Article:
This is a set of scripts used to manage precisely time synchronized motions of objects in club lighting, dynamic art, and other moving displays in Sansar.

Version 2 of Clockworks introduces dramatic new features. To see the system in action, visit the Clockworks Club experience.

If you're a hands-on learner and want to create some concrete demos before you study the rest of this documentation, try our walk-through examples.

Where to get the scripts

What's the big idea?

3D designers have the ability to create arbitrary animations using modern 3D modeling software. Clockworks was created before Sansar introduced animated mesh, so Clockworks offered Sansar creators the first complex animation system they could use without having to script motion from scratch.

However, it's very important to clarify that Clockworks is not a general purpose animation tool. For one thing, it cannot deform mesh models. Clockworks machines generally stay rooted in place (though they can be moved using scripting). They are not designed to make objects follow arbitrary Bézier curve paths. And there is presently no graphical tool for designing Clockworks animations.

However, Clockworks excels at cyclic motion in multi-segmented, rigid-body machines. If you want to simulate a mechanical clock's gearing, a dancing robot arm, a complex door mechanism, and so on, Clockworks is for you.

Clockworks breaks down the problem of complex motion by treating a machine as a series of rigid bodies (e.g., gears, arms), which we call "segments", and actuators (think "motors") that articulate joints connecting them. Those actuators can either rotate around an axis fixed relative to the parent segment or slide along an invisible track, again fixed relative to the parent segment. Then, each actuator's motion can be "programmed" separately.

Clockworks introduces a simple language for programming joint articulation. Here's an example that describes a simple oscillation:

S:1/4 | S:-1/4

For a rotator, the above can thus be read as "a quarter turn counter-clockwise, then a quarter turn clockwise, then repeat." For a linear actuator, it can be read as "travel a quarter of the full track length out, then travel a quarter of the full track length back, then repeat."

Each joint gets its own program and the joint programs never talk to each other. This helps keep Clockworks programs simple.

Timing is everything. But notice how the above sample program has nothing to say about it? Clockworks was designed with music in mind. In music, the speed, or tempo, of music is often measured in beats per minute (BPM). A fast dance song might have a speed of 120 BPM, or two beats per second. In such dance music, these beats are typically reflected directly by the bass drum or other main percussion instrument.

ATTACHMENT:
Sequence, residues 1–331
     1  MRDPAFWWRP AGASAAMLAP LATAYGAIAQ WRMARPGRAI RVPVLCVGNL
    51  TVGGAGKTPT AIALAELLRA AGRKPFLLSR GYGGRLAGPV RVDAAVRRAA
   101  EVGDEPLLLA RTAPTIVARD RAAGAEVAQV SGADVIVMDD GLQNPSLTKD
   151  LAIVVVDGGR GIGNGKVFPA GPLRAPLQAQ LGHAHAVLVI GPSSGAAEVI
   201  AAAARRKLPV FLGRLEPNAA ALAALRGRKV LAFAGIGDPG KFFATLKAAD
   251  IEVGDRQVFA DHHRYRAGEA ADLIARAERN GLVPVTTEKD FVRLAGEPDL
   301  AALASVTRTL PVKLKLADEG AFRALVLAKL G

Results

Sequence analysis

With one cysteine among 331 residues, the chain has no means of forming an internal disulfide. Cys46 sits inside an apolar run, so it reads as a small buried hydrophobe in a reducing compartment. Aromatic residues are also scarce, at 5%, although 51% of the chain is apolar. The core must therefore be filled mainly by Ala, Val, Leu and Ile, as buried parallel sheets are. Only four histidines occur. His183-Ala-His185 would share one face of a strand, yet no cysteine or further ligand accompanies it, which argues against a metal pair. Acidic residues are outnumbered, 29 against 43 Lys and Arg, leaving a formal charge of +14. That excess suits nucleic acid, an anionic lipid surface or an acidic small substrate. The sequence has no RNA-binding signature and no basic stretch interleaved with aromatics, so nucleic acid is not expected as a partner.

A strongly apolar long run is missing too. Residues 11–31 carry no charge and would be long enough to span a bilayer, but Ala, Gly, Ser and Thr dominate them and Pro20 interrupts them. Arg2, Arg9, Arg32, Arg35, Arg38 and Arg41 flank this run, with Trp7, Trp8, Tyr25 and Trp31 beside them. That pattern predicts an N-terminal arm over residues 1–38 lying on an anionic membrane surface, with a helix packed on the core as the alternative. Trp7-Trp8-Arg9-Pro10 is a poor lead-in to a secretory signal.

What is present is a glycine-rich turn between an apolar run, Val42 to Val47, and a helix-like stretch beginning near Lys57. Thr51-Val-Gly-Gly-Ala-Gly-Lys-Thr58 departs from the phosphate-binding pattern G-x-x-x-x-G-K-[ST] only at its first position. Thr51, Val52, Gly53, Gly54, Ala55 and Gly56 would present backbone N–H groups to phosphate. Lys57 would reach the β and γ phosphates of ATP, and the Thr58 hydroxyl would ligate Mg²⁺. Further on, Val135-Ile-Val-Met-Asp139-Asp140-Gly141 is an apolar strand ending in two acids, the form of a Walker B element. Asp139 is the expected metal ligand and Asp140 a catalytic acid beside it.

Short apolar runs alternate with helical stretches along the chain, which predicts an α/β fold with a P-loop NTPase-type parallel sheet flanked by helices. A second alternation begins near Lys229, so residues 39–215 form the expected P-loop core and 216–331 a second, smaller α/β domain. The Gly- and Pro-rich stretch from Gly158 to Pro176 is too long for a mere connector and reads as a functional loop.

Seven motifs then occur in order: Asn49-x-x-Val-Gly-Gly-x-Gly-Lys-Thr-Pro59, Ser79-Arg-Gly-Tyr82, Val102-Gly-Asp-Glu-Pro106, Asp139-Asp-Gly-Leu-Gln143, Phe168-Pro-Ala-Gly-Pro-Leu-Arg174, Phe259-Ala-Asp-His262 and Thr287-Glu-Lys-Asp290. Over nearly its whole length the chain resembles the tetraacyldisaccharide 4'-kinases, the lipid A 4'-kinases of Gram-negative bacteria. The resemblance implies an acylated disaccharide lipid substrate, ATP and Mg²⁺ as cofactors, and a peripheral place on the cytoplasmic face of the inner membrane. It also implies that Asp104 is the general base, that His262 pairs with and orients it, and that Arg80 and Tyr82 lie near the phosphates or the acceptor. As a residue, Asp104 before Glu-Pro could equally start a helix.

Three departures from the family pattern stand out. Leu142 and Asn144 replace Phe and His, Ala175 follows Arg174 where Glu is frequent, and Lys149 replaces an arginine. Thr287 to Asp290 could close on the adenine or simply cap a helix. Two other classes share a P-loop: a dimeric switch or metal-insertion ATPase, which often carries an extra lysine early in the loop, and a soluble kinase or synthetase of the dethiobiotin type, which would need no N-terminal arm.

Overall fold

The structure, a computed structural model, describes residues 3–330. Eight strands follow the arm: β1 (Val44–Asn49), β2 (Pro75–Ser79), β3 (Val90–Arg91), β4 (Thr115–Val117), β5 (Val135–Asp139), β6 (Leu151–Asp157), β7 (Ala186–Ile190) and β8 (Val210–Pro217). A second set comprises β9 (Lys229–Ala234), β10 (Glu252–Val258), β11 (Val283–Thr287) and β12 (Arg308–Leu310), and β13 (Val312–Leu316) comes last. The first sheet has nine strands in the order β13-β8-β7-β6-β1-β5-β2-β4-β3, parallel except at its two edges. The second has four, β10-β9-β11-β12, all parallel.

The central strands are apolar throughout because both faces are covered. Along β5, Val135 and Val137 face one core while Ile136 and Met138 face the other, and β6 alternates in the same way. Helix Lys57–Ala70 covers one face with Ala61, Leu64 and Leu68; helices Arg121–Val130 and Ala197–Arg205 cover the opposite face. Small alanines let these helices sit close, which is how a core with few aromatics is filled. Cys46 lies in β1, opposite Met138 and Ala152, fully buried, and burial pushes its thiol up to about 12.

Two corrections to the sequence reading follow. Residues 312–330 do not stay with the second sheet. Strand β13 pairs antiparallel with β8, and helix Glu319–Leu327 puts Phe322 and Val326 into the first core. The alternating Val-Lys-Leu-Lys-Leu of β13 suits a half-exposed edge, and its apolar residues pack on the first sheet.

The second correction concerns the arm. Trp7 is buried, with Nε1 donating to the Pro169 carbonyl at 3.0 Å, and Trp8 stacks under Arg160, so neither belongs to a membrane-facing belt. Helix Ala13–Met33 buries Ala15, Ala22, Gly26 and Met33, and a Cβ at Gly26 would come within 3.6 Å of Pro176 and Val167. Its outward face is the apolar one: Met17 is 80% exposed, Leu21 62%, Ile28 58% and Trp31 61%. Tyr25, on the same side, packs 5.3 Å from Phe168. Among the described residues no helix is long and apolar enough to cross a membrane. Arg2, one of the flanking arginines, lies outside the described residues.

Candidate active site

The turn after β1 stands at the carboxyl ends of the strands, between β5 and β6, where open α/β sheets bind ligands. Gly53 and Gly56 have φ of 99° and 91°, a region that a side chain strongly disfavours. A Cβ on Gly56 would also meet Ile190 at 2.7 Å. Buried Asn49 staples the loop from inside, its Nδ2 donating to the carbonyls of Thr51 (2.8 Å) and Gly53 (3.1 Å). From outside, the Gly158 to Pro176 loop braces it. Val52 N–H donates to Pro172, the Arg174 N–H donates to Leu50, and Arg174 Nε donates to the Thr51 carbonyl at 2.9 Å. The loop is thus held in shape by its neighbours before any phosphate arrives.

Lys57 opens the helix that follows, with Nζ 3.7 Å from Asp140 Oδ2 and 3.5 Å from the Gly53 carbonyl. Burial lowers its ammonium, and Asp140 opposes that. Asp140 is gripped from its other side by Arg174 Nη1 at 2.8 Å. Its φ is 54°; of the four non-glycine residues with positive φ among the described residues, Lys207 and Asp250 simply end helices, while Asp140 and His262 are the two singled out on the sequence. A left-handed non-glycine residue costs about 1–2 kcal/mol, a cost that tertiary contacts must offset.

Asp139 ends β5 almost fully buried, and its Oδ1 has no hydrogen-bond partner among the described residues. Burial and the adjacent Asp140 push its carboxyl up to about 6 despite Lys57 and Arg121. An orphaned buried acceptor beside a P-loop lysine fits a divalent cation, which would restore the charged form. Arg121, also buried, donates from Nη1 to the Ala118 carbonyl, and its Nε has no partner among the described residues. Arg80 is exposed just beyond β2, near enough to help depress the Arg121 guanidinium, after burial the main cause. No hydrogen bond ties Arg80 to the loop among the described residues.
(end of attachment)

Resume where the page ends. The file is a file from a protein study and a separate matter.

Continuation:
Even when there is no music, Clockworks machines dance to this invisible beat. You craft your programs (for joint articulation) to express what happens during each successive beat and (typically) the program keeps looping indefinitely. Then you can easily control how fast all the joint programs in a set of machines run. You can even manually change the BPM rate during a live performance as the music changes.

And for each beat, you can choose from a variety of easing functions. Following illustrates objects all moving back and forth at the same rate, but using different easing functions:

Another key innovation is the idea that there is a distinction between the abstract segments in a machine and the moving 3D objects, or "units", that users see. It's best to think of these 3D objects as being attached, like pieces of armor, to that abstractly defined machine. One consequence is that the individual units work fine, even when any number of attached units are removed from it.

In order to compute where it needs to be at some time, each unit computes where its parent segment, that one's parent segment, and so on are, first. The units never need to talk to each other; each is self-contained. This maximizes smooth precision of motion and minimizes expensive script-to-script communication. Only the controller ever talks to them, and only to relay configuration changes.

As a bonus, Clockworks scripts can interact with Reflex scripts to add interactivity. For example, a People sensor could be used to trigger a flower to start dancing.

So to set up a machine using Clockworks, you:

  1. Add 3D models to the scene and mark them as dynamic
  2. Add 1 unit script to each unit (3D model)
  3. Uniquely name each unit via script settings
  4. Add a Clockworks controller script to any object
  5. Create (or buy) and add one or more custom control scripts to:
  6. Add optional Reflex scripts to trigger animation programs